Scott Wolter Doubles Down on Portuguese Hooked X; Steve St. Clair Reveals "Proof" of His Templar Connection
As always, Mondays are a bit of a time crunch for me, and this Monday is made worse by the endless snowstorm that has had me out shoveling every few hours to try to keep up with the massive accumulation. I’ve run out of places to put snow, and the piles I’m shoveling into are now nearly as high as I am!
On his blog on Saturday, Scott Wolter doubled down on his claim that a Gothic (or blackletter) Roman numeral X in a Portuguese church is a “Hooked X®,” even though the photograph he posted clearly shows that the letter conforms exactly to blackletter style, with a thick line from the upper left to lower right and a thinner line from upper right to lower left, terminating on both ends with a curved “hook” representing the mark needed to start the ink when drawing the character with a quill on parchment. When asked how one could distinguish a “Hooked X®” from your run of the mill blackletter X, Wolter replied: “The one above that Janet found in Portugal is stylized for sure. However, it is the extension of the upper right arm creating the "v" at the top that makes it a Hooked X. The stylizing makes it easier to hide the symbolism and leave open plausible deniability.”
In other words, it’s only a Hooked X® if and only if Wolter declares it such! Otherwise, even experts could easily mistake it for being exactly like all the other blackletter X’s!
Don’t believe me? Let’s take a look.
Here is Wolter’s X from Portugal, which I have highlighted to show the letter more clearly, including the “hooks” on both the upper right and lower left staves. Note, too, that similar hooks and flourishes appear on the other letters of the inscription.
Here is the text of John 1:3-5 from the Santa Barbara Bible, written around 1250 CE—around the time of the Portuguese inscription—and now at the J. Paul Getty Museum in California. Note that many of the letters have flourishes and hooks in the blackletter style, and that the “x” in “lux” has the distinguishing “hooks” on the upper right stave each time it appears.
A clearer example of how this blackletter “X” appears can be found in the San Francisco Examiner logo, which displays—A HOOKED X®! Or, actually, a blackletter X that nearly any blackletter typeface based on medieval scripts will produce.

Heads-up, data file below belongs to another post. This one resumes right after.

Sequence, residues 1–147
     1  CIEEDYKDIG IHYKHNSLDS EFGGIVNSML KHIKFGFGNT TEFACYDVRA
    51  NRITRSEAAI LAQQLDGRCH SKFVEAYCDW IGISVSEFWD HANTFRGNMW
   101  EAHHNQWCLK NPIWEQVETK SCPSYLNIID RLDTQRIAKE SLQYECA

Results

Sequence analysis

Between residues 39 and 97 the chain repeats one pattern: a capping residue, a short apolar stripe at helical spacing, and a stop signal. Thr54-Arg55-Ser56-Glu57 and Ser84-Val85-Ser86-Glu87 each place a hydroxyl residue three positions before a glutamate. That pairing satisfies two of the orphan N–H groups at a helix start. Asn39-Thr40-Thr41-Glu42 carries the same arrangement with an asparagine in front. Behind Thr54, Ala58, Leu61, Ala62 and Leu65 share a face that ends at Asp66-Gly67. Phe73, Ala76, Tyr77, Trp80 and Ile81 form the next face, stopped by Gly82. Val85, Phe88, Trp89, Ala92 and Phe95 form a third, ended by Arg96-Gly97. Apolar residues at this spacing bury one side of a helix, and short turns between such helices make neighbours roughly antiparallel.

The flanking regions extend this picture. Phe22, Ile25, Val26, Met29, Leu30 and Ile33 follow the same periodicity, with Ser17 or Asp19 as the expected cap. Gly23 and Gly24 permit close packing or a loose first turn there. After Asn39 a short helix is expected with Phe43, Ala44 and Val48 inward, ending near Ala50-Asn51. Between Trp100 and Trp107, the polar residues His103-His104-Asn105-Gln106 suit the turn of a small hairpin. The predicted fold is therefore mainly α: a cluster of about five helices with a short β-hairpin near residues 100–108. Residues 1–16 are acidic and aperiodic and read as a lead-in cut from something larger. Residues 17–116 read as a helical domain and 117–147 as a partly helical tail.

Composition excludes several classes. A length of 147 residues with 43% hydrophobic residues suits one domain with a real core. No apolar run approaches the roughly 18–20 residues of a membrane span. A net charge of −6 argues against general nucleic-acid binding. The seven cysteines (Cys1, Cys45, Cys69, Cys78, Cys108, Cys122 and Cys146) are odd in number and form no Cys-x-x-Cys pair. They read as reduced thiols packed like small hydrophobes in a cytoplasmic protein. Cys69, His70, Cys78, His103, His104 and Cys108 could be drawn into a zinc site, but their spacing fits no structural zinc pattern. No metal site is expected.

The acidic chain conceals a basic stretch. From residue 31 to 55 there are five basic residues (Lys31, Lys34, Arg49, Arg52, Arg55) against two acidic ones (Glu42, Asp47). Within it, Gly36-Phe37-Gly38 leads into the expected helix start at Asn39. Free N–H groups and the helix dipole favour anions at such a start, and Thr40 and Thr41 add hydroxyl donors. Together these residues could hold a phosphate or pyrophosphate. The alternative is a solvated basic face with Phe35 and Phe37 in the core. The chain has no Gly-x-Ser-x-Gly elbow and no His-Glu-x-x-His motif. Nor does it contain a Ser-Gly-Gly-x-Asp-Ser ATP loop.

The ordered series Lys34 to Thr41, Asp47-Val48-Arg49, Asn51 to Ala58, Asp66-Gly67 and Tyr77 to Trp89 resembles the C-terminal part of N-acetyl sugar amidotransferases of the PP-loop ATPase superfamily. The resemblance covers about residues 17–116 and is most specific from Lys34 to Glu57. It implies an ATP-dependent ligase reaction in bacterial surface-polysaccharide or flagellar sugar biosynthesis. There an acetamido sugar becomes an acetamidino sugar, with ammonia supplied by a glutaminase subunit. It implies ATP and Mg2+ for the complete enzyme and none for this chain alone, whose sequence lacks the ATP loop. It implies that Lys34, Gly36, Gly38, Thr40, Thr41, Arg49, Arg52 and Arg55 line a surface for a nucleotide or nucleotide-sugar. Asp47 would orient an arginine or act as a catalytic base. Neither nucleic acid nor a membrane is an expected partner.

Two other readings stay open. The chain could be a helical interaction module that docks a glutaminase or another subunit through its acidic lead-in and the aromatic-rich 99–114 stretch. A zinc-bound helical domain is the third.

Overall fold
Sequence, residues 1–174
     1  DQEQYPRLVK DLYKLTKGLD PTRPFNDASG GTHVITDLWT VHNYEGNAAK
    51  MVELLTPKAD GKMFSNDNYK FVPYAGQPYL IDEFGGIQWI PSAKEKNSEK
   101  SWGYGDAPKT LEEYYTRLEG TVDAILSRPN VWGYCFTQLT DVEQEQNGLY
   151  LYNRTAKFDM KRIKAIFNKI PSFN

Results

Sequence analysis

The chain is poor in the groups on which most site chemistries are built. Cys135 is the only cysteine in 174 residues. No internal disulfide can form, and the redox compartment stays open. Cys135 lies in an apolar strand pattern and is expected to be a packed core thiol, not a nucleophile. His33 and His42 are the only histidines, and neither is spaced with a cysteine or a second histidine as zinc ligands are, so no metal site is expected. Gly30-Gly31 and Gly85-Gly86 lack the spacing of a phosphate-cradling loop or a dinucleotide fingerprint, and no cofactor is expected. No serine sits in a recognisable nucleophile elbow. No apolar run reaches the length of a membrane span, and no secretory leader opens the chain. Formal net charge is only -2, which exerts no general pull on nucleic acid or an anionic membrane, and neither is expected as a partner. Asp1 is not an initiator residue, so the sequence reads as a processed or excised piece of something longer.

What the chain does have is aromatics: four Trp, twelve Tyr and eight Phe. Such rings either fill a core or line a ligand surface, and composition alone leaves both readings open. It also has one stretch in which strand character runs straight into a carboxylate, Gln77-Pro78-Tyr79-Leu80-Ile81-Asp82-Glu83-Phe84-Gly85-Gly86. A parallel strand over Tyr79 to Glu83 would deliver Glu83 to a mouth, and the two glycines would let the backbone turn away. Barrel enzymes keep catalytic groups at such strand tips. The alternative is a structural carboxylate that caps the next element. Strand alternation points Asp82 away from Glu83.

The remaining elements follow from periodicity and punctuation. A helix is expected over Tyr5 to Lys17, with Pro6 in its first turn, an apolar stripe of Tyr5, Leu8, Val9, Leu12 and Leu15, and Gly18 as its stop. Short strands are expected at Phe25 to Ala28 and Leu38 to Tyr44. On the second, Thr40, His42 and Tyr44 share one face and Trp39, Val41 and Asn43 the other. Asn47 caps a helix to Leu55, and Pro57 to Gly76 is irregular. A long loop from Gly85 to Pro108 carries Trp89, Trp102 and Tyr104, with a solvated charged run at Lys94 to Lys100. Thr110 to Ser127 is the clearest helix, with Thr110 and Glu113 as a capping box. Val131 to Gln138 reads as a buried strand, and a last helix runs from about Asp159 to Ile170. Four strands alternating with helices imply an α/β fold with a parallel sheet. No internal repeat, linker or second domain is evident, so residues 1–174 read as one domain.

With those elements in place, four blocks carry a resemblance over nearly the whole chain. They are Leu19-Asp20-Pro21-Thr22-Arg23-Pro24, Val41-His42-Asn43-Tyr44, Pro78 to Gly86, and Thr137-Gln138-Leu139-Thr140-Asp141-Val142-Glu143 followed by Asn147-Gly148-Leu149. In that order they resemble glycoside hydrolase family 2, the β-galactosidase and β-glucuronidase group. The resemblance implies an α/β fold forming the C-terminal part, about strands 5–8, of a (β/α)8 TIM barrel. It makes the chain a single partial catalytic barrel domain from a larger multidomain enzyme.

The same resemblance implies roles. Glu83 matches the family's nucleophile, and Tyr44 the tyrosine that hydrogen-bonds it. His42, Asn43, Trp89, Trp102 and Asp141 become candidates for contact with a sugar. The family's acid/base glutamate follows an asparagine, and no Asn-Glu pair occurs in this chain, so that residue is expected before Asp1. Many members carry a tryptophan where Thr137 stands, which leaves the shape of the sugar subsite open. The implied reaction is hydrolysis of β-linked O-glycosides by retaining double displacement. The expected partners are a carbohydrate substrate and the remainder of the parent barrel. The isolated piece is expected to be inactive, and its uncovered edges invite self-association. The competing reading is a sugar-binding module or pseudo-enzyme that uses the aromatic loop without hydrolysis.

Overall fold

But all of this pales before Steve St. Clair’s latest claim, providing the “proof” he promised but failed to deliver on America Unearthed that the Sinclair family is intimately involved with the Templars through the Priory of Saint-Martin-des-Champs in Paris. It was… underwhelming.
St. Clair claims that modern DNA studies and genealogical research show that the Sinclair family had members who married members of other families, who in turn provided money for the medieval construction of the priory during the Templar period. He therefore claims that all of the people who funded the priory’s construction as a “superfamily,” and that the Sinclairs are part of this superfamily through marriage.
This is roughly as much “proof” as the fact that Barack Obama and George W. Bush are distant cousins, which naturally puts them in a conspiracy, too. It is no surprise that a small, insular group of nobles interbred over centuries in the search for suitable brides and building alliances. This proves no conspiracy or connection, though, any more than the fact that Holy Roman Emperor Otto II married a Byzantine bride named Theophanu somehow “proves” that the Byzantines were “involved” in a century-long conspiracy to create the Teutonic Knights. In fact, it signifies the exact opposite of close involvement: The marriage sealed a peace treaty to keep the two rival empires out of each other’s way, though Otto ignored this in trying to annex Byzantine Italy. Anyway, the point is: shared DNA does not suggest a shared conspiracy.
St. Clair still has no evidence that members of the Sinclair family were active supporters of the Knights Templar or served in the Order. It remains a matter of record that members of the family testified against the Templars during their trials.
I am an author and researcher focusing on pop culture, science, and history. Bylines: New Republic, Esquire, Slate, etc. There's more about me in the About Jason tab.
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